My great-grandma stitched this quilt before I was born. My grandma said they would save up old coats, then cut them into squares, piece them, back them with flannel and pull the yarn ties through.
This all took place through long winters out on a farm in southwestern Minnesota, not far from St. James. One house to every 80 acres or so. There was more time than money (more cold and snow back then too) so this was how people passed the time.
What explains the continued popularity of quilting is harder to figure out. This site will connect you with 49 quilter guilds in the area, and I’m sure that accounts for only a fraction of the women (mostly women) who gather in homes or church basements to sew up their creations.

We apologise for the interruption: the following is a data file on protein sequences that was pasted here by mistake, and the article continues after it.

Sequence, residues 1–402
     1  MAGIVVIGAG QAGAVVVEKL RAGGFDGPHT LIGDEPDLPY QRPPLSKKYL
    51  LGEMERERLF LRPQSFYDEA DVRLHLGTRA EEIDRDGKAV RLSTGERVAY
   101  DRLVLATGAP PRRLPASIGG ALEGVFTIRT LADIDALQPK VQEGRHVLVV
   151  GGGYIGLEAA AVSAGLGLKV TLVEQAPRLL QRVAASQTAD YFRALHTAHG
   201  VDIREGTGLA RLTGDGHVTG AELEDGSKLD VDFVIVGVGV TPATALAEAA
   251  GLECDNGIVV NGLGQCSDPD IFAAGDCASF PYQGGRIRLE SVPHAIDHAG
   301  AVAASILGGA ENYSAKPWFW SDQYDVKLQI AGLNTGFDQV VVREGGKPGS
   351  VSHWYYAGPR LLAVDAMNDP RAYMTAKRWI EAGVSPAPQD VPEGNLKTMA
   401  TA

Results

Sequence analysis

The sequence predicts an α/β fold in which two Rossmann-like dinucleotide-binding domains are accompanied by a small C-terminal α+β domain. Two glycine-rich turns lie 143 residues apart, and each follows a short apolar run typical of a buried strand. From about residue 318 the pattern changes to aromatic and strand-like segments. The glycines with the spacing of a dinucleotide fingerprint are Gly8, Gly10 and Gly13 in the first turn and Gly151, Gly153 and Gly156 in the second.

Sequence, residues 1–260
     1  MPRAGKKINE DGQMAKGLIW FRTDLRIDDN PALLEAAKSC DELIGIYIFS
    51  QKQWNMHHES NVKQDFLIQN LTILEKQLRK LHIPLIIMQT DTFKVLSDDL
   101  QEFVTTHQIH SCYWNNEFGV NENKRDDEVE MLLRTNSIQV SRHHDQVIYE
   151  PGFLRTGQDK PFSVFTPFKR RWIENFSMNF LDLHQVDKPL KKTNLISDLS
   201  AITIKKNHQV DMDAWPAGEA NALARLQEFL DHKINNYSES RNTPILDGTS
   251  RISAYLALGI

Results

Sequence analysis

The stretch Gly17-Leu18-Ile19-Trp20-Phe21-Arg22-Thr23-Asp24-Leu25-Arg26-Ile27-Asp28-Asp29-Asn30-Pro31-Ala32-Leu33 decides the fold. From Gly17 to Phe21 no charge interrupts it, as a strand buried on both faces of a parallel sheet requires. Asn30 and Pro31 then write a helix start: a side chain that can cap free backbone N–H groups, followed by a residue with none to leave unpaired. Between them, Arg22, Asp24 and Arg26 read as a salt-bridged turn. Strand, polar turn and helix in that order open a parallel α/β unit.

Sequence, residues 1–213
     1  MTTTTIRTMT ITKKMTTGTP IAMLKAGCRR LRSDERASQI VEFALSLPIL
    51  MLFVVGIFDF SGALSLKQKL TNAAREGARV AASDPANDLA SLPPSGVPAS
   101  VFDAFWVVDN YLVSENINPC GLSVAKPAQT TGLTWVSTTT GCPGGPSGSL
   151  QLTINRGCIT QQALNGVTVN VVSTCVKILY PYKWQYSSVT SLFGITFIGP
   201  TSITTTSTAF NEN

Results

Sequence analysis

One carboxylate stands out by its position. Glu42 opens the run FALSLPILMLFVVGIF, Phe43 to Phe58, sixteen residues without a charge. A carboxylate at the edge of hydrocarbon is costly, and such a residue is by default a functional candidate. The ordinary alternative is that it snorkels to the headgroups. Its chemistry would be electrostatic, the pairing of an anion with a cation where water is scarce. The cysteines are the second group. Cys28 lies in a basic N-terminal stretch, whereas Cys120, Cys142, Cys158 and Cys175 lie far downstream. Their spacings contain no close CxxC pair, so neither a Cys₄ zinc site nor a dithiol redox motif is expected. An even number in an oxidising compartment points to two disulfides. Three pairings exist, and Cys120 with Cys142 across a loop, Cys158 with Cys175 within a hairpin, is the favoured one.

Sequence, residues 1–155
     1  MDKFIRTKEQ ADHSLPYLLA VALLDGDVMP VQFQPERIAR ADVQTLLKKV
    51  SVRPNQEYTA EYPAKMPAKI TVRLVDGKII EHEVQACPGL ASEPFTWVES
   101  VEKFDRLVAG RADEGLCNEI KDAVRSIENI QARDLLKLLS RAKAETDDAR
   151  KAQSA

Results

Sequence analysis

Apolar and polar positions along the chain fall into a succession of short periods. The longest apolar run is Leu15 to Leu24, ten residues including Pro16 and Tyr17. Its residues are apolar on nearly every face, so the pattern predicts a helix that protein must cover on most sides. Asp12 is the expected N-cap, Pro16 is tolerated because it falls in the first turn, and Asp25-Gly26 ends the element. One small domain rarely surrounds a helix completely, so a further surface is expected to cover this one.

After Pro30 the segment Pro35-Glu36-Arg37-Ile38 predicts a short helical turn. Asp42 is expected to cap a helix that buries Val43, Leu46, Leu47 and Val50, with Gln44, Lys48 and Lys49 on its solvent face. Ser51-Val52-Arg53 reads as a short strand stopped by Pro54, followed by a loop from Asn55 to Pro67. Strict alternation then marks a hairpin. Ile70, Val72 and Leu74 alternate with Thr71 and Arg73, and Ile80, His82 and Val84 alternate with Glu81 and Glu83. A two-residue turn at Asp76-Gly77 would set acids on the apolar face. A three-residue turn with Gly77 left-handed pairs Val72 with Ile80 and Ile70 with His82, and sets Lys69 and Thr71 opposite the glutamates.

The financial incentives were shipped off to Asia long ago. So it makes you wonder whether some folks simply have to tinker and make stuff. If they don’t do it for money, they’ll do it for distraction as it brings them joy.
You have to have space for such things like workshops and studios. And if your tinkering is on metal and wood you’ll require a garage with a heater mounted from the ceiling in the corner. Did all those spaces where people bend metal and pound on things get shipped off too, eliminating a creative environment? Have we stop creating new better things for lack of workshops?